Let us now examine this plant in a lucrative view, and compare it with any of our soils' productions. An acre, as we before stated, will contain at least 1,100 plants, these will average $1 each, and many will double it, in almost any market; thus making an acre of land produce more real profit than any other production, with little or no labor. Humboldt estimates, that the produce of banana from the same quantity of land, is to that of wheat as 133 :1, and to that of potatoes as 44:1--and he further states that the game extent of ground in Mexico, on which the banama is raised, is capable of maintaining fifty individuals, whereas in Europe under wheat it would not furnish subsistence for two.

In South America numerous preparations are made of this fruit, both before and after its maturity. Before they are matured it is - usually baked or fried, or cutinto thin slices and dried in the sun,

when well pounded make meal or four, and is a very wholesome article of food. When fully ripe, it is exposed to the sun and preserved like figs, and will without doubt, in time, form a large article of commerce in South Florida.

In the cultivation of this plant for market, it is important that your location should be on navigable streams, as land carriage greatly injures and breaks off the fruit; thus the entire southern coast, including all its rivers and strear08, are well adapted to its culture.

While on a visit to Fort Myres, Carloosahatchee River, a few months since, [Dec. last] we were surprised at its culturebeauty of its plant, and the different stages of its fruit. Some were in

blossom, while others with delicate tendrils in appearance, to the full developed and well matured fruit-propagated with little or no labor, save that of inserting them in the earth. The grass plats, or yards attached to the various quarters, being filled with them, in the most thrifty condition. Hence that river is destined to become an important point to attract the lover of the Banana. The various keys in Charloote llarbor (where not too much exposed to wind, will be found suitable for its culture.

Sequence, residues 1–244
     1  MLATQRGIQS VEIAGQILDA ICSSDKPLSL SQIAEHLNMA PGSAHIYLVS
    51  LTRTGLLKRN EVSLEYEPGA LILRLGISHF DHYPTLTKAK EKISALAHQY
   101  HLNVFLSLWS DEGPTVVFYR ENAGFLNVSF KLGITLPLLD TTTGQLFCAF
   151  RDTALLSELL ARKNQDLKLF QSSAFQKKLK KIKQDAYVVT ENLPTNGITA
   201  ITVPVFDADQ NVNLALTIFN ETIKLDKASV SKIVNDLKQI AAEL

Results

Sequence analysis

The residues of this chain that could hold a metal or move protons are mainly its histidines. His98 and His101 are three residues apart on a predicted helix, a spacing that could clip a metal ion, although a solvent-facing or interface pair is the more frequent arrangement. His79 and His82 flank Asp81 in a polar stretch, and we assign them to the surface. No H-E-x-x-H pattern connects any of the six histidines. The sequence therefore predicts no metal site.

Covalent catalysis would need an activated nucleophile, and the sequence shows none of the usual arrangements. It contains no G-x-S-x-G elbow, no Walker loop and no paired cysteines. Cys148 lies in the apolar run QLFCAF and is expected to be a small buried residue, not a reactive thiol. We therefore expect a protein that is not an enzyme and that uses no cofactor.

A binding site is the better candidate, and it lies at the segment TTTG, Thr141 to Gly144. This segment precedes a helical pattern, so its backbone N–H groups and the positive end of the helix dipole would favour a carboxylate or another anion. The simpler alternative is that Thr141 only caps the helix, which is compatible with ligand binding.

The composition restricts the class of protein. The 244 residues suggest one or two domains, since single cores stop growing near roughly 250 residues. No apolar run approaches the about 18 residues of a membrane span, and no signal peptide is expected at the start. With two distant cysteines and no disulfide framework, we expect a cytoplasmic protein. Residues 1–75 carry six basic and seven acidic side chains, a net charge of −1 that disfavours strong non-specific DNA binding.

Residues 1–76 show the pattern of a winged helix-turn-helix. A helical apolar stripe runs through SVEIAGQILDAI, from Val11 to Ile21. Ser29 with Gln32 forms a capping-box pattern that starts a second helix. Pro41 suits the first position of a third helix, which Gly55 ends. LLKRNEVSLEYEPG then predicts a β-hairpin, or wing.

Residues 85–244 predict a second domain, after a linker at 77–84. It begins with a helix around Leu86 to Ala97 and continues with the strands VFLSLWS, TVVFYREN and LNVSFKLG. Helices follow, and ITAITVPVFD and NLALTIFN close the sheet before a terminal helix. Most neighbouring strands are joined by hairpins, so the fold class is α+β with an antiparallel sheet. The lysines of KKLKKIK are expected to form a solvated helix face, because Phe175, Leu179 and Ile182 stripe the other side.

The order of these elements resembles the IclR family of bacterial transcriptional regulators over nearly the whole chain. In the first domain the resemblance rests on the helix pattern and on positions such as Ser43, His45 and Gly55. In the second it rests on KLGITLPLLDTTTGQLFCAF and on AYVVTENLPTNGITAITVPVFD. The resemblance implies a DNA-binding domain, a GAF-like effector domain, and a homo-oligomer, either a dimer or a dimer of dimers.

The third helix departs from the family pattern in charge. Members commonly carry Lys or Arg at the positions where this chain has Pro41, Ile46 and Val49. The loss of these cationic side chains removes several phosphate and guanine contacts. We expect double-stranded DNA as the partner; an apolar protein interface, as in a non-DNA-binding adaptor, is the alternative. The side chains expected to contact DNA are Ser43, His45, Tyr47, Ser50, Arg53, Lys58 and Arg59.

Will our citizens in town, who having a small yard to spare, make an attempt to cultivate it — some few have already commenced with a few plants, and they have been re-paid a hundredfold for their labor. Ve hope they will.--- Tampa Herald.

From the American Agriculturist.
Cultivation of Taste.

000, often loopt to read ie peculiar facilined and

It is to be feared that many of even the more enligthened class of citizens, have too little appreciation of the refined and beautyful in nature. Farmers who enjoy peculiar facilities for studying nature, and who ought to read her intelligible forms with peculiar profit, too often look on foresan and meadows as valuable only to furnish food for cattle, and fuel for fire. Nor is it strange. They who have to grapple with necessities, come naturally to think those things only useful, which minister to their bodily wants. We were well acquainted with a gentleman who among cattle, or in the field, had an admirable taste, but who was quite indifferent to the beauties of a flower-garden. We used to take him into the garden and pluck some choice flower with “See here, isn't this a beautiful thing;” but he always smiled and said, “What do you think I care about it, I had just a lief look at a dandelion;" and away he would go looking at the cucumber-vines. Now he had not so much an unnatural as an uncultivated taste. For the rich plumage and graceful flight of birds he had an excellent eye, and could listen to their notes with extreme pleasure; but he looked on ornamental shrubs and flowers as equally superfluous and useless. Like many others, he much preferred to see the ground adorned with ornamental beets and cabbages. · But it is a wrong opinion to suppose the excellence of things lies only in their utility. The Creator, it is evident, had something else in view when he made the world ; nay, even loves beauty for itself alone. Else, why the delicate and varied hues of innumerable insects that float in the air; or why the beautyful or. ganic structure of mosses and see-weeds ; or the systematic orrangement of chemical atoms? These are invisible to us except through the microscope, but they are perfectly apparent to nicer perceptions, and no doubt, administer delight.